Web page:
So What If You’re In Your Twenties And No One Tells You That They Love You Daily

Brooke Cagle
Brooke Cagle

So you’re in your twenties and no one tells you they love you daily, except maybe your parents and your best friend. Life becomes this up and down cycle of new love interests – those that giveth and those that take away(th).

Maybe your love record is in a competition with Taylor Swifts reported list of ongoing exes, or maybe your list is more filled with “blank spaces”. I suppose for those of us who have these long list of exes can only refer to them as “exes”, because like most modern day boys and the relationships they have, they leave before they even claim their own title of “boyfriend.” Maybe some boys find a thrill on taking us out on various dates over several months to wake up one day and realise that cold feet is not always just a metaphor.

Maybe the people with the “blank space” relationship lists, are those of us who are tired of asking our friends in newfound relationships if their new ‘bae’ has any hot friends, or are tired of showing up to parties were your friends make little effort to introduce you to someone you haven’t yet met before.

Then there’s that lovely moment when your best friend has a new interest and all the weekend plans you had with them fly out the window and you start doing random things to try “better yourself” like hiking or swimming, these activities tend to last as long as your friends busy schedule does and you remain the same person, perhaps with a better Instagram page.

I would love to know what makes this era of men so undecided on entering a relationship, are we too strong willed or not strong willed enough? Does rewatching the entire Gossip Girl series not turn you on? Do you like to hit me up for several dates just to remind you why you don’t actually want to settle down? Either way, I have enough war stories of failed dates and relationships to tide me over until my thirties.

So eventually, you start looking for opportunities to meet new love interests
, “maybe there will be someone nice at the club tonight,” you say in hope before getting hit on by a man that has to use you as handrail in an attempt to stop swaying. Or maybe you give online dating a try, because you know someone via someone who is one year strong into their tinder match relationship. But, if you’re like me, after five failed Tinder attempts you begin to realise that the man that might bring you some daily comfort isn’t the one that’s swiping left or right on his phone, and you delete the app in an attempt to gain a new perspective. Maybe you’ll meet someone of interest at the gym, or doing a hobby you like (excluding the before mentioned hiking and swimming), but then maybe you’ll realise that his hobbies come first before you and if he met you in the gym, he can meet the other 500 potential love interests that go there too.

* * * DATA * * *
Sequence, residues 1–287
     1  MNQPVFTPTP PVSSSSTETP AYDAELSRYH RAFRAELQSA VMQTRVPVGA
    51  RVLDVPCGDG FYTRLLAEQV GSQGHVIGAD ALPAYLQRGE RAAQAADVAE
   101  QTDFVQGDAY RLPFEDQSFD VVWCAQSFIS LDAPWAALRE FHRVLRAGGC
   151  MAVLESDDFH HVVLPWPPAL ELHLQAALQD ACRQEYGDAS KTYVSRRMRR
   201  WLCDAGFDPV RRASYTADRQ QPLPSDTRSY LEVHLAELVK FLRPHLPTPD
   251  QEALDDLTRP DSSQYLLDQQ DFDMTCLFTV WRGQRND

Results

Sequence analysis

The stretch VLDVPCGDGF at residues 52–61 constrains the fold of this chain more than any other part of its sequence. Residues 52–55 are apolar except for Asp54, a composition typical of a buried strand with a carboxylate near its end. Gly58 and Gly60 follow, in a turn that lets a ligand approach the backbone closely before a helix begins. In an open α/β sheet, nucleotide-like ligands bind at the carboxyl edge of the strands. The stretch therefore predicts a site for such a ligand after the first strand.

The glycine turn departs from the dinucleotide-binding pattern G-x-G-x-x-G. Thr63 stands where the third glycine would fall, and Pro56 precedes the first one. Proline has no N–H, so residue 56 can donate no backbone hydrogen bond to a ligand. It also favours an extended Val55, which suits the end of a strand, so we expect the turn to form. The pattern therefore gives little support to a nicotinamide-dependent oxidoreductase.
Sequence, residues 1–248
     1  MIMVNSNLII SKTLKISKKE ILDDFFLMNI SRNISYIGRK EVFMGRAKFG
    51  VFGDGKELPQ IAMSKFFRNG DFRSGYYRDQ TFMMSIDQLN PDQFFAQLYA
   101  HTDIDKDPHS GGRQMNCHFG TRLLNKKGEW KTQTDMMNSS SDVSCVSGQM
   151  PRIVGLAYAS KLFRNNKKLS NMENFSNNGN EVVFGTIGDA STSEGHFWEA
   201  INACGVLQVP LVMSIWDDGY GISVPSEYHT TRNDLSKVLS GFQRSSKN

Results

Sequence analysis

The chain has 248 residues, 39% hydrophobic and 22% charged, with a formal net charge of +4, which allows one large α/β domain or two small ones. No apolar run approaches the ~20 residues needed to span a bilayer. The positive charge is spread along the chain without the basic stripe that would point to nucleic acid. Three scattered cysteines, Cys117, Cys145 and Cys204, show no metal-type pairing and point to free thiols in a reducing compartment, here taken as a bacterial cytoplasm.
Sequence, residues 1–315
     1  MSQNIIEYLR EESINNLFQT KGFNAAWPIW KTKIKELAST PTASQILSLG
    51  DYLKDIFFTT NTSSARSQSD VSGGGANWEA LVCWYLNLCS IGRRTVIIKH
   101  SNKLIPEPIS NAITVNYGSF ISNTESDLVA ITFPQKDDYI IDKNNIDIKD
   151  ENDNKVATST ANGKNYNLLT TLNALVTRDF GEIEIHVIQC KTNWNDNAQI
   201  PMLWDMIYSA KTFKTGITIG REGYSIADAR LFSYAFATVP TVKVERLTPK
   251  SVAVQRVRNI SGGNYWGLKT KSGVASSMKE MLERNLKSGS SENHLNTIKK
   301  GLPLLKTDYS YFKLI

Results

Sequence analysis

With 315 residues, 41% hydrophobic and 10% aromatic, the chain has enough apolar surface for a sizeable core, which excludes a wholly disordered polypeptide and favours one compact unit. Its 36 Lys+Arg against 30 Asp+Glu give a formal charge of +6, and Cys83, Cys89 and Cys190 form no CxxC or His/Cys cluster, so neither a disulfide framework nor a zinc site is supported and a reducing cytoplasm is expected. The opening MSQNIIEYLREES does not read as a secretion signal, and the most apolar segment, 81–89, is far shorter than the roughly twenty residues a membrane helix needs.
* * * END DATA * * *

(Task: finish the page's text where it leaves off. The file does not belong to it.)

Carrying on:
So you spend your Friday night watching reruns, or sipping wine and listening to Taylor Swift and Adele, but most importantly, you spend your Friday night doing something that might not make you a better person perhaps, but might just make you connect with yourself a little bit more. So when the next love interest leaves you high and dry after 6 frustrating weeks, you can fall back into your old routine and into your old self, because there was nothing wrong with her anyways.

So maybe you’re in your twenties and no one is telling you that they love you on the daily, but you are. Every single selfish second you spend with yourself, is another way for you to tell yourself that you love you. While that boy may have gotten cold feet after three romantic dates, most importantly, you never got cold feet about yourself. So what if you want to spend your Friday night sipping wine and microwaving popcorn? It’s a lot better than downing two bottles of wine and expecting a hook-up.

Take all your selfish moments to remind yourself, that you love you
, even if you have to neck a bottle of wine occasionally to get through it. There will always be more boys, not willing to commit, but there will never be another you to commit to. So you’re in your twenties, and you still have time to figure it all out, even if you have to do it alone

Tamsyn Halm, 22 years old.
History Postgraduate student from Stellenbosch University, South Africa.

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